How to Fly on an Iron Condor

09/27/2012 7:00 am EST


Josip Causic

Instructor, Online Trading Academy

Josip Causic of Online Trading Academy reveals some of the possible options a trader has once one short side of an Iron Condor is exited after buying back that obligation.

Original Position: Basically, the short Iron Condor has the expectation that the underlying will stay within a given range. The Bear Call spread carries a margin, as well as the Bull Put spread, both of them being short verticals.

The logic is that the trade cannot be wrong at both ends at the same time. It is possible to be wrong at different times, if the position was unwound. The specifics of my position on the Russell 2000 are given in the next two figures.

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The chart above (Figure 1) shows a red line representing the sold 865 call and a green line being the sold 820 put. The table below lists the current price of the underlying, as well as the respective premiums received from the sale of this specific Iron Condor position.

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There were 12 contracts and each spread was five points wide. Therefore, the first day margin was ($500×12) $6,000. The next day, the credit of 1.07 per share reduced the margin to ($393×12) $4,716. The exiting orders BTC (Buy to Close) for a nickel were placed.

Next: They were not filled until the last trading session of the RUT...


They were not filled until the last trading session of the RUT, which is Thursday (September 13). On the same day, Big Ben made the historic and unprecedented announcement of QE3. Consequently the market lifted, and the RUT went with it all the way up to $856.12.

The rally, although strong, never went over the sold 865 call strike price. Within the last hour, the sold 820 puts were repurchased back for a nickel each. However, the margin remained intact on the call side, still at $4,716.

Adjusted Position: Once the short leg contracts are closed on either side of an Iron Condor, the margin will still be intact due to the obligation on the remaining open side.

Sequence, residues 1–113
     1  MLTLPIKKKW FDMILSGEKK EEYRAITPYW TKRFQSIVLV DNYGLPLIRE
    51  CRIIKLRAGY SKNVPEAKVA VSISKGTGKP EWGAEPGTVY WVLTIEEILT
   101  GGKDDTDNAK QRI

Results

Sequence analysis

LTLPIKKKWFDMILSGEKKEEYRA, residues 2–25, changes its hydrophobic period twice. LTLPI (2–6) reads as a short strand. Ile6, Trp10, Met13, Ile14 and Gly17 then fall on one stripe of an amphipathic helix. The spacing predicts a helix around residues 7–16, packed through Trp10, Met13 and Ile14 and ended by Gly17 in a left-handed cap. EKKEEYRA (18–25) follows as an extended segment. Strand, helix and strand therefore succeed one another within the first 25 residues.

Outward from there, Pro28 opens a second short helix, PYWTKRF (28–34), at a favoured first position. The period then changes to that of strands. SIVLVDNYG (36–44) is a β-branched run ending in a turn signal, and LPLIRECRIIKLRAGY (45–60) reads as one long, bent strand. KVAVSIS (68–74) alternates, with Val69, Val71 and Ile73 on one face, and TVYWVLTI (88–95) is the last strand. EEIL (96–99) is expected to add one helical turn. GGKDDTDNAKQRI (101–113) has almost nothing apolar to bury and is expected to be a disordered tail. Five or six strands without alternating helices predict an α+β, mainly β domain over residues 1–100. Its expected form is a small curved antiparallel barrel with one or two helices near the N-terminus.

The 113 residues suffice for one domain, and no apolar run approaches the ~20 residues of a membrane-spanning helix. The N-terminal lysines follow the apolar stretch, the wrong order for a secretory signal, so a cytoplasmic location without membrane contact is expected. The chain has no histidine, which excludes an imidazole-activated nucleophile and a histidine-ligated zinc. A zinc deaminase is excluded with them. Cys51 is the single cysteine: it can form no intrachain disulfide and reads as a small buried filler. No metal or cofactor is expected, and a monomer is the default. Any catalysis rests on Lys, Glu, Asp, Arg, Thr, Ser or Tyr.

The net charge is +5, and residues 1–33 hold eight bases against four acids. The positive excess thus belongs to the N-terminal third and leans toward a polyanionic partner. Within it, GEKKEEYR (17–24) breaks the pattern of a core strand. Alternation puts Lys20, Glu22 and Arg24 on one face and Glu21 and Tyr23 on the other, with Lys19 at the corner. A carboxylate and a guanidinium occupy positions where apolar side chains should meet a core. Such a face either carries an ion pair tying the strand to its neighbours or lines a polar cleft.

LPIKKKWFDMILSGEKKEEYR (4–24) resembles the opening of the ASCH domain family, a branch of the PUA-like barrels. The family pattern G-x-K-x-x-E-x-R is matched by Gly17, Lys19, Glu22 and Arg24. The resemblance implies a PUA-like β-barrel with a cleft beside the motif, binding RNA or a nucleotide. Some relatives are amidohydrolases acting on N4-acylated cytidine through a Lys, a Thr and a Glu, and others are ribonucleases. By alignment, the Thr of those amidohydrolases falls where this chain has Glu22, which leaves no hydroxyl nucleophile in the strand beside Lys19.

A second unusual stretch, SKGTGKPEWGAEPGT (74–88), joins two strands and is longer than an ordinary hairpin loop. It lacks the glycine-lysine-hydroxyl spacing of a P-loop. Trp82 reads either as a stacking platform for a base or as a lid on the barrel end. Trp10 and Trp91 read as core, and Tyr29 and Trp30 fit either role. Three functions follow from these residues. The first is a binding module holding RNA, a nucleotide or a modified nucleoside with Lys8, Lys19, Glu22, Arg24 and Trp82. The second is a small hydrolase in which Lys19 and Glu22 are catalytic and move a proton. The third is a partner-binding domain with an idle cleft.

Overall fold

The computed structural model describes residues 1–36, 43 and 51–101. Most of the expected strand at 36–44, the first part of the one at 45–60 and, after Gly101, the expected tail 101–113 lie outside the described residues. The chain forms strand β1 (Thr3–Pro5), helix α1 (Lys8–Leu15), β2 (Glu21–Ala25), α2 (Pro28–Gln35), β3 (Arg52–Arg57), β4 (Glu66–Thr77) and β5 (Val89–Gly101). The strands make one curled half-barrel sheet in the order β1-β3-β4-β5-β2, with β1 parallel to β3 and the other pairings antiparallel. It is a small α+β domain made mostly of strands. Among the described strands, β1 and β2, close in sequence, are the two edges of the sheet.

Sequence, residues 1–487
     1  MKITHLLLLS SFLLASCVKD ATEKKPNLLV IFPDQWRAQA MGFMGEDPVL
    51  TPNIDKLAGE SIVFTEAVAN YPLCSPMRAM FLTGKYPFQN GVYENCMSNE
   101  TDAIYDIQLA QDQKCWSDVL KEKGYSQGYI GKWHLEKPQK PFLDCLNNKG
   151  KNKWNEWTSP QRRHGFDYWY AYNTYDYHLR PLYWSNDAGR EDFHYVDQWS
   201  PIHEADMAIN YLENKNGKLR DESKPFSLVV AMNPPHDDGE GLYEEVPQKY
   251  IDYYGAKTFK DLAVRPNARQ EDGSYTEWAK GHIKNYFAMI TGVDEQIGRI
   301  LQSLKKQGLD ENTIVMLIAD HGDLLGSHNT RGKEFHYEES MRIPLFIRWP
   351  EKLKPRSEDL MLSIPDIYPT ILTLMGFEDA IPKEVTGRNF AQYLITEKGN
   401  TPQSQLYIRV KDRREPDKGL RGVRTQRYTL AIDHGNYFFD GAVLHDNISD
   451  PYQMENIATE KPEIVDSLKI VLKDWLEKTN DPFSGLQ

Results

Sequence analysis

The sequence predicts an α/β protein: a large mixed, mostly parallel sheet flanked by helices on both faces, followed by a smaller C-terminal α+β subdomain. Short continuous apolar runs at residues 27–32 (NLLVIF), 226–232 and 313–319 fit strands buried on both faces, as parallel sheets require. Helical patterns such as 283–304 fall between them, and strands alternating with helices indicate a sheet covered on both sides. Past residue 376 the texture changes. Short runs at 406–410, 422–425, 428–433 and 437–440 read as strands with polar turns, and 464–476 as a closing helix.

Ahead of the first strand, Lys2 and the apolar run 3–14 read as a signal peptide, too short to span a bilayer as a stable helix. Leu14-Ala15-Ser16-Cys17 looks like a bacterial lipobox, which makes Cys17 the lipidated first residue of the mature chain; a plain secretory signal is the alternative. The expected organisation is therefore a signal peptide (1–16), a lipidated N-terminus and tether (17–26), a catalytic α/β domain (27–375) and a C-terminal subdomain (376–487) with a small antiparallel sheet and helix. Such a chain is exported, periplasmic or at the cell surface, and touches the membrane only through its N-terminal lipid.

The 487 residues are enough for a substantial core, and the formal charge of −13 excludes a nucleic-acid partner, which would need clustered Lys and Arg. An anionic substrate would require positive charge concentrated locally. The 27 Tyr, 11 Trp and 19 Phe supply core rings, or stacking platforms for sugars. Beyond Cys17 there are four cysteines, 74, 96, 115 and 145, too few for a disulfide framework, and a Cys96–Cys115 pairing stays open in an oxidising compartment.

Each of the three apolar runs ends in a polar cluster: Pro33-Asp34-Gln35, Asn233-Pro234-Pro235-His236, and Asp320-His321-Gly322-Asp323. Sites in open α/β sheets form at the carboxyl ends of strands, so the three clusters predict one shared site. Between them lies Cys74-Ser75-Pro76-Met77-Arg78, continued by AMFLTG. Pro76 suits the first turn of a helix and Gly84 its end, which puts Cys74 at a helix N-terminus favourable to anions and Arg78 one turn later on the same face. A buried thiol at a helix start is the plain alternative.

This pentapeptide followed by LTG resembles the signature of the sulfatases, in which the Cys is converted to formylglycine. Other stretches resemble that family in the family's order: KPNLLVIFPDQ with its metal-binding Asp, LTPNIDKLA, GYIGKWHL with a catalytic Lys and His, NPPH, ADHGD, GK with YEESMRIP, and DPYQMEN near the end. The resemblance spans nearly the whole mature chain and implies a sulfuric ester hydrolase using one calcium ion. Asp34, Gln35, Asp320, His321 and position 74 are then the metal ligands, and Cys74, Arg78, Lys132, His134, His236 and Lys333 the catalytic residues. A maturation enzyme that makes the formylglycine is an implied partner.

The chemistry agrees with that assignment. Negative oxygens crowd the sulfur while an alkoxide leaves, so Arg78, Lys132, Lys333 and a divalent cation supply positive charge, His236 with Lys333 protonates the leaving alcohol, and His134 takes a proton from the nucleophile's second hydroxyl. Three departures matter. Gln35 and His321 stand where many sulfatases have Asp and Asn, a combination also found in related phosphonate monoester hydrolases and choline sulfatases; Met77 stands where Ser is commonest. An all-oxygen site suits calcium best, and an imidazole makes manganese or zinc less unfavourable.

If the brokerage is progressive, then placing another set of verticals using the same strike difference does not increase the existing margin. Therefore, placing an additional set of short verticals could bring in an additional credit that may go out worthless.

Keep an open mind when trading. Once the short put contracts were closed near the end of the last trading session, then the question became, how could this trade have made even more money from the max profit? Again, thinking outside of the box is required. The answer is by selling the higher 850/845 put spread and receiving additional premium.

The last figure below (Figure 3) shows the attempt to scale in and get a better fill at various prices for the 850/845 Bull Put spread. Each new fill did not affect the increase in margin, which remained constant.

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Quite certainly, there are going to be some readers who are going to object to such an approach due to the risk. There was the slight possibility that the RUT could gap down because the RUT settles on Friday’s opening print. (By the way, it did not, because the settlement price was $859.62, which was far enough from both sold strikes.)

Keep in mind that this article is about options, which are nothing but multiple possibilities of choices. Each trader ought to decide based on his or her own level of risk tolerance whether opening another trade at the very end of an expiration period even makes sense. (In my case, that was the risk I was willing to take.)

Regardless of a conservative or aggressive decision (such as mine), the choices are there, undeniably. It is only that many traders forget the fact that when trading options, the only limitations are the limitations of one’s mind.

Josip Causic can be found at Online Trading Academy.

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